Actually, the term "cue" was kind of new to me. I was lucky to have a fantastic strength coach in college so I've always been able to recognize and use good form. Helping identify someone’s issues when learning a movement pattern then being able to walk them though it is essential to their learning process. It was also great to see that while many people think they have to do 100, 200, 300 sit-ups, if they’re doing knee raises or leg raises correctly, then just 10-20 reps per set should be sufficient. I believe when you're properly engaging the right muscles, you will feel it very quickly. So it was important to learn to identify the cues to use when someone is arching their back or maybe stretching their upper body more than they need.
What goals are you currently working toward?
I have my eyes set on the Iron Maiden Challenge. Pull-ups
have always been very important to me. Being able to pull myself up and over something or onto something with the extra weight of our vests was a big goal of mine. Now, I make sure to knock out weighted pull ups as part of my regular routine and have no problem. So the Iron Maiden, and the other thing I absolutely want to work on is my flexibility. Ever since I was 15, I’ve been plagued with injuries. I had a total of six surgeries before I turned 27, including two knee surgeries, an umbilical hernia surgery at 15, ankle surgery from a fractured ankle when I was young, and two lumbar surgeries. Soccer wasn't a charm for me. At my size, a couple of freak accidents put me into a downward spiral. I was also diagnosed with Systemic Lupus when I was twenty and felt awful at the time. A few lifestyle changes prevented me from ever having to take medication for it, and it’s since been in remission. Fortunately, my last low back surgery was in 2001 when I was 21, and I have felt great ever since. But, the pistol has always eluded me, I've really got to work on my hip flexibility and really build up to that weighted pistol.
The bridges were very challenging for me at the SCC, but I am thrilled to be able to do them because doctor after doctor and chiropractors told me that I shouldn't hyperextend my back. Some of these are also doctors who discouraged me from any loaded exercise—so as you can see, I was not a good listener. But, I also recognized that those are normal movements for the spine, and wanted to build up to a full bridge. I even used to do walking backbends when I was a 10 year old gymnast. But, I find that I get bored working on flexibility so I have to just focus and buckle down and do it. I’ve started stretching with thoracic mobility movements, hamstring stretches, and low back stretches every day right after I get out of bed.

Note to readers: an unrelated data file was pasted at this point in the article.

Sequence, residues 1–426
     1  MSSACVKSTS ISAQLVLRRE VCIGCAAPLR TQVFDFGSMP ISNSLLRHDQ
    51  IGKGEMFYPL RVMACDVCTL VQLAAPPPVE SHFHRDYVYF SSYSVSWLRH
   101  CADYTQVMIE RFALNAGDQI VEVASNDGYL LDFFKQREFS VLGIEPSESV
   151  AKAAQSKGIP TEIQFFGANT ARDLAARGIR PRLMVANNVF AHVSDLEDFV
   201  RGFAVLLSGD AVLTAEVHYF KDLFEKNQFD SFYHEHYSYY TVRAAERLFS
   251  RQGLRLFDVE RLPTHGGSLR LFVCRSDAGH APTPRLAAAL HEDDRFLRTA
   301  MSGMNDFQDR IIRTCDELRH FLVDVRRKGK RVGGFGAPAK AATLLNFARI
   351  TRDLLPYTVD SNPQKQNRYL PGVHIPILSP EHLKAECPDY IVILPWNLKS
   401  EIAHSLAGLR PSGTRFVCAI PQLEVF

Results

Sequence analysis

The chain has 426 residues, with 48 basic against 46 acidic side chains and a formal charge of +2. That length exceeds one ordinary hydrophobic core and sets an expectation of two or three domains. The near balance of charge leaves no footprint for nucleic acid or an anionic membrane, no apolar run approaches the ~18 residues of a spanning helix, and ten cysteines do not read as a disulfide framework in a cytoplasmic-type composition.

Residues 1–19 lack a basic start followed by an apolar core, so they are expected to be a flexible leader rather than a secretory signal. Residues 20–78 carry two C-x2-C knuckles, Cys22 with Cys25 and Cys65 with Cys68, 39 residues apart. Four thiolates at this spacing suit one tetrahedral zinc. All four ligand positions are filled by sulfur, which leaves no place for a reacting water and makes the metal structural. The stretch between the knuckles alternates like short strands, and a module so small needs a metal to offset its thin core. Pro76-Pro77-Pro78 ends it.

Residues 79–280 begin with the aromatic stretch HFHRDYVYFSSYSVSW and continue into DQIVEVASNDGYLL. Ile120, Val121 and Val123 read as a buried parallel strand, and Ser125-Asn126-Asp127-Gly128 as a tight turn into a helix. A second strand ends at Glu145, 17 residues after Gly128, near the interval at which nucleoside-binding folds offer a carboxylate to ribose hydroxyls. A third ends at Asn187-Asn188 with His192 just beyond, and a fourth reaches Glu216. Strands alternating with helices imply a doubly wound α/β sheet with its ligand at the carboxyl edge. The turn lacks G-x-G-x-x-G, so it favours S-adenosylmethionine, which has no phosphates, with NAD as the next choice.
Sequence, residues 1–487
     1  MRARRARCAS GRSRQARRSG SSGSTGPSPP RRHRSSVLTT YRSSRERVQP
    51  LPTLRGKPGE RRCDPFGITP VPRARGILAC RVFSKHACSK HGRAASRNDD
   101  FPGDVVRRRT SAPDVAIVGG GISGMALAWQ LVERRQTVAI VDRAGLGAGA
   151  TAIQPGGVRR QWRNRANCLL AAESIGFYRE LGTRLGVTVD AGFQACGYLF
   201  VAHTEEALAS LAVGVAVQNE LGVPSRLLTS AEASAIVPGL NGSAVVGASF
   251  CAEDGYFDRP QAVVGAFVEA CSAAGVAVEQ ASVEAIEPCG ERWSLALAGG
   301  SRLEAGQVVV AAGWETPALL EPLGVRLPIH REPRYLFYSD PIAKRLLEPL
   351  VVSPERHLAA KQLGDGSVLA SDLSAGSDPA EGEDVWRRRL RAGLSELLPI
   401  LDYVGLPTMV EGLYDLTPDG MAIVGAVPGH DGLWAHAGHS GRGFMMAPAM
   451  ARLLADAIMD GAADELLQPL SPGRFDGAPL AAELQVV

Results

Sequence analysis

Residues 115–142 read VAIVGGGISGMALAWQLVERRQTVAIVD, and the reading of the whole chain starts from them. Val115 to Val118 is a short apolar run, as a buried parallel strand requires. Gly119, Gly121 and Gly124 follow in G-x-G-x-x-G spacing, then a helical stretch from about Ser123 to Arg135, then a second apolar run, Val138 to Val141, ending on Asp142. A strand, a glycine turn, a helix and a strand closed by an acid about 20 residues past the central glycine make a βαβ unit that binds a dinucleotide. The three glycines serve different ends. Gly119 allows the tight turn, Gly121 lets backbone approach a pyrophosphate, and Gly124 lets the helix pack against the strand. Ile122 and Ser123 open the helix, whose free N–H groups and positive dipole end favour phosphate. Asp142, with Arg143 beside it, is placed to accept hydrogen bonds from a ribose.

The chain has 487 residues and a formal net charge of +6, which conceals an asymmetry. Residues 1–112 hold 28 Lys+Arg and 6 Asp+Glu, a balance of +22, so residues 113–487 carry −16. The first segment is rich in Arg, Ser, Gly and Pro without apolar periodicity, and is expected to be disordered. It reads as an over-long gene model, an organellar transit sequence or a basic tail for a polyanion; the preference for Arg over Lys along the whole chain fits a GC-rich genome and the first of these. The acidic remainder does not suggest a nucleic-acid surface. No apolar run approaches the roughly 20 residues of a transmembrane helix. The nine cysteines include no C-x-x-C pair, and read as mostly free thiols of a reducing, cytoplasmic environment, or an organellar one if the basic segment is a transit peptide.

What's the next big thing you’re working towards or trying to implement at work?
I actually really hit it off with another SCC attendee, Dafna Hayman
. She and I are talked about doing a destination PCC
, but loved the NYC SCC so much we’re headed back there for the PCC in June. I am looking forward to it!
Something else I wanted to mention that I think some women get too focused on their weight and size—numbers on the scale. Right now, I am pushing 140 pounds, and if someone only saw my height and weight or BMI, I would be considered obese—and I know that's not the case, I wear a size 2 pants! It was great to see so many strong women at the SCC who were also confident. While I could definitely lean up a little bit, I've never considered myself fat. When I first went into college soccer, I weighed 125 and was getting pushed all over the place. My strength coach bulked me up by about 10lbs and I've held on to it ever since—and it's not a bad thing. When I lose too much, I think I look sickly. When I went to Afghanistan a couple years ago, the guys teased me and said that I needed to eat a cheeseburger! But because the weight thing has never affected me, I'd like to encourage other women to feel confident in the same way.
Suzanne Marsteller is a federal law enforcement fitness training coordinator and a member of her agency’s response team. Suzanne can be contacted via email at firstname.lastname@example.org